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Presenting yourself well in a phone interview is deceptively difficult. If you thrive on using body language and a charming smile to make a strong impression in interviews, the phone can nullify your best features and knock you back on your heels. With a smaller margin for error, even minor mistakes could have a big effect on how your interviewer receives you.
There are definite advantages to being interviewed on the phone, and they shouldn't be ignored. Before you get on the phone you have the opportunity to lay out a variety of resources to give you a boost during your interview.Tweet This
With that in mind, it’s important to enter a phone interview prepared for what is about to happen. Even though it may feel less formal than an in-person interview, you still need to give yourself the best odds against the rest of the competition.
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Give yourself ample prep time
An oft-overlooked advantage of having an in-person interview is the preparation process you put yourself through: taking a shower, getting dressed, eating breakfast and walking or driving to work. While it can be tempting to roll out of bed five minutes early just to clear your throat ahead of the interview, it’s not a winning strategy — your brain will be in a fog and you won’t be putting your best foot forward.
“There is no single list of job interview questions that you can study that will allow you to be flawless. In the end, there you are likely to be surprised by the “tough question” in an interview sooner or later. Your best bet is to be prepared for the standard questions, and then tailor your preparation to the company. How, you may ask, can you tailor your preparation to a specific company? There many ways to find out specifics about company interviews. While every interviewer will ask different questions, there are some questions and styles that are standard for some companies. Read on.” – 4 Ways to Ace Your Job Interview
Waking up, eating and moving around, by contrast, will get you active and energized and help you feel ready for that phone interview. And even though you might not be concerned about your attire, it can have an effect on how you present yourself even when you can’t be seen.
Set up supporting materials
There are definite advantages to being interviewed on the phone, and they shouldn’t be ignored. Before you get on the phone you have the opportunity to lay out a variety of resources to give you a boost during your interview. Lay out your résumé, talking points, information about your prospective employer — anything that could help you sound more intelligent and on-the-ball.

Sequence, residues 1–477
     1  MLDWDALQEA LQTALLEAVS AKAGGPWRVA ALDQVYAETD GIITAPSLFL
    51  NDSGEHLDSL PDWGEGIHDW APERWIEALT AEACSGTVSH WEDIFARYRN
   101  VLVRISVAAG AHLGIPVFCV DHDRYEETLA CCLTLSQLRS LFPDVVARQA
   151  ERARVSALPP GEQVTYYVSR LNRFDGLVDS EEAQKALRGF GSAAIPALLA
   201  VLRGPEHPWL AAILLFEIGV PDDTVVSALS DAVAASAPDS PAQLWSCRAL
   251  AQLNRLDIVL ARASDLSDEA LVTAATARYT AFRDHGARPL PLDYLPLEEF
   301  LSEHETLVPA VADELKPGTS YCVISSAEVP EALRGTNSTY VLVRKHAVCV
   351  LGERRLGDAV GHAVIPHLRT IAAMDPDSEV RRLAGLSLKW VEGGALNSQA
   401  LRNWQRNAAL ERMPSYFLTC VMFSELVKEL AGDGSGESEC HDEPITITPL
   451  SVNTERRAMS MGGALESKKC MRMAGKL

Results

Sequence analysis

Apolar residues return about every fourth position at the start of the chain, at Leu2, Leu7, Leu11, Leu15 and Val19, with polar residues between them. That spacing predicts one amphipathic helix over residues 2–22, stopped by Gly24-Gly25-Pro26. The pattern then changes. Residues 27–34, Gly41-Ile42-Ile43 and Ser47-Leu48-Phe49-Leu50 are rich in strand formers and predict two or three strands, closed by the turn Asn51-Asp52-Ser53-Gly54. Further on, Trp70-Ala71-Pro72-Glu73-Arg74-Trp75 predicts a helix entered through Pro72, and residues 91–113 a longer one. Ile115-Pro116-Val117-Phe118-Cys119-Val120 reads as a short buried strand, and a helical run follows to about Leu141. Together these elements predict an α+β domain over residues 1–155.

Call up valuable Internet resources and have your cover letter on-hand in case the interviewer asks questions regarding it. You could also make a list of questions to ask the interviewer at the end of the conversation.
Stutters and gaps of silence can be crushing in an in-person interview, where you’re expected to have all your answers to questions banked in your head. There’s even less of an excuse for it on the phone, so don’t get arrogant and think you’re above supporting materials. They can never hurt. Of course, nowadays a phone interview might take place over Skype or even a conference call that puts you in conversation with multiple managers. All the more reason to be prepared with materials and if it’s a video call, make sure you don’t look down at your notes too often.
Pick the right scene and be mindful of your tone
It’s not just what you say, it’s how you say it — and what else is heard in the background. Barking dogs and crying kids are always an unwelcome distraction. Set up in a quiet room and make sure all distractions are eliminated. Get a babysitter, if necessary, even if it’s just for 20 minutes.
And in that quiet, distraction-free setting, be mindful of your tone. Your words are important, but if the interviewer can detect any negative qualities in your tone, it can be a major turnoff. Make sure you sound uplifting and positive at all times throughout the interview.
By putting in a little extra legwork ahead of the interview, you can save yourself from many of the pitfalls that your fellow interviewees might be subject to. Employers know the signs of a good candidate vs. a bad one even over the phone, so don’t be blind to the observable factors that can make or break your interview.
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